OTOLITHS &: AN INTERVIEW WITH MARK YOUNG BY TIM WRIGHT

Tim Wright: Firstly, congratulations on ten years of Otoliths. I’m interested to know how much time the magazine takes up, and also how connected it is (or has become) with your own writing. I recall Tranter once saying in an interview that he’d lost about fifty poems to the time it took editing Jacket — is the magazine a distraction from your own writing such a way, or more integrated with it?

Mark Young: Hard to tell precisely how much time it takes up because I’ve never worn the temporal equivalent of a Fitbit. But thinking about it, on the basis of a 9 to 5 thing, probably three to four weeks of work in total for each quarterly issue, spread across the quarter.

With the journal, I’m working loosely within a time frame which is something that I don’t have with my own writing, but I don’t get up in the morning & follow a timetable. If I feel like writing I do; if I feel like spending time on Otoliths I do. Neither one suffers because of the other. They exist in harmony. As for “lost poems” . . .

Wright: A general question about editing. One of the things I admire about Otoliths is its breadth — the variety of types of writing that appear in each issue: there’s always something to be surprised by. There’s clearly a leaning towards the experimental, and towards visual poetry, but it isn’t restricted to these, and there also seems to be a mix of regulars and new contributors in each issue. Could you say something about your approach to editing, how you envisioned the magazine when you started it, and whether (and how) your approach has changed as you’ve gone along?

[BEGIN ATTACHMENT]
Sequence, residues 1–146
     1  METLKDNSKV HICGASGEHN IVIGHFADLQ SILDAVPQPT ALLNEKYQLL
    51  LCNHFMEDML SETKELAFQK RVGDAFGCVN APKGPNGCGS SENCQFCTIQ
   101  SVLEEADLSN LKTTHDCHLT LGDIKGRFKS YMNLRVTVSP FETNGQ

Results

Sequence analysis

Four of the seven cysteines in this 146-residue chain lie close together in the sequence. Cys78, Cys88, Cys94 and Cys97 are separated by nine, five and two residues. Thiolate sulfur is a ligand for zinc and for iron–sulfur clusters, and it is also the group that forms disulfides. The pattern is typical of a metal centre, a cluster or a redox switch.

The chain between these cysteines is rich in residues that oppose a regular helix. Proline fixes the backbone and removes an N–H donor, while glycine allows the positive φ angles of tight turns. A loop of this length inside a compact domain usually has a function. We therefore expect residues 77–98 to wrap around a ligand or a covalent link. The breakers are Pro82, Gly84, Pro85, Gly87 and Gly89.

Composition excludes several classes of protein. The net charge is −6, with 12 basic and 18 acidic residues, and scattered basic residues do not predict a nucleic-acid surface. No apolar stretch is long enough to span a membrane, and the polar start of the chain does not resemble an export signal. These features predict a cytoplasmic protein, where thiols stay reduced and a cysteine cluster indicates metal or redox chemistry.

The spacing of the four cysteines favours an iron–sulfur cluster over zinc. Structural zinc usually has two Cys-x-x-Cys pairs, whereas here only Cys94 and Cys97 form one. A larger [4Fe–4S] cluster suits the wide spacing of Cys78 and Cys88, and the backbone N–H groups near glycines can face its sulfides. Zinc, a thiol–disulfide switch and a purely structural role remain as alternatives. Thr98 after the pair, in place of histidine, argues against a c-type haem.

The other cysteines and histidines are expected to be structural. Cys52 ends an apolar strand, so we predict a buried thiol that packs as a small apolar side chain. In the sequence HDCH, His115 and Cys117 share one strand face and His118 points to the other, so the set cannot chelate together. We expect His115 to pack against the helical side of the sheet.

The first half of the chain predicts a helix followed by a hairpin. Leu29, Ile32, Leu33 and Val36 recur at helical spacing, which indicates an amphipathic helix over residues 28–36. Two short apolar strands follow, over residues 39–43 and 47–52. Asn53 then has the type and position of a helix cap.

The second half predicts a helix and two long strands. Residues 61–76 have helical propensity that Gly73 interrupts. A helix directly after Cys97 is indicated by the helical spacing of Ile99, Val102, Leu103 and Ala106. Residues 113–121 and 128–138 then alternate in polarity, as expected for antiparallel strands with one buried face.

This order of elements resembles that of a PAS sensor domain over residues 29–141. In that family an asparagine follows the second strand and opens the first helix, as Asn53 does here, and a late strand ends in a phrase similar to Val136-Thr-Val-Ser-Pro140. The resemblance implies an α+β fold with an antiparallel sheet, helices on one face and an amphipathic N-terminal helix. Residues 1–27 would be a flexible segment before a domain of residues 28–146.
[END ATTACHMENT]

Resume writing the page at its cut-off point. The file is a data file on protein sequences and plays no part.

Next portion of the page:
Young: The idea of editing a magazine has always appealed to me. I’d dabbled in them before, but had put those I hadn’t inherited aside because I felt there wasn’t the feedstock of writers that I liked, or who worked in similar areas to me, available. That was 45 to 55 years ago.

Midway through the first decade of this century I realized that that I was now in contact with a large number of like-minded people through either participation in a group blog called As/Is that was very active at the time or through the various journals that I had published in. I decided the time might be ripe for another try at magazining, so sent out emails to about 60 people inviting them to contribute. Three-quarters of them responded positively, & the journal was underway.

I’ve written in another interview: “I don’t know if I had any goals at the beginning beyond getting the first issue out with as broad a range of contributors as possible & making it as good I could. I think you approach the first issue of a journal as if it were equal parts anthology & mousetrap, but both parts driven by the same motivators—quality that lasts, quality that attracts.”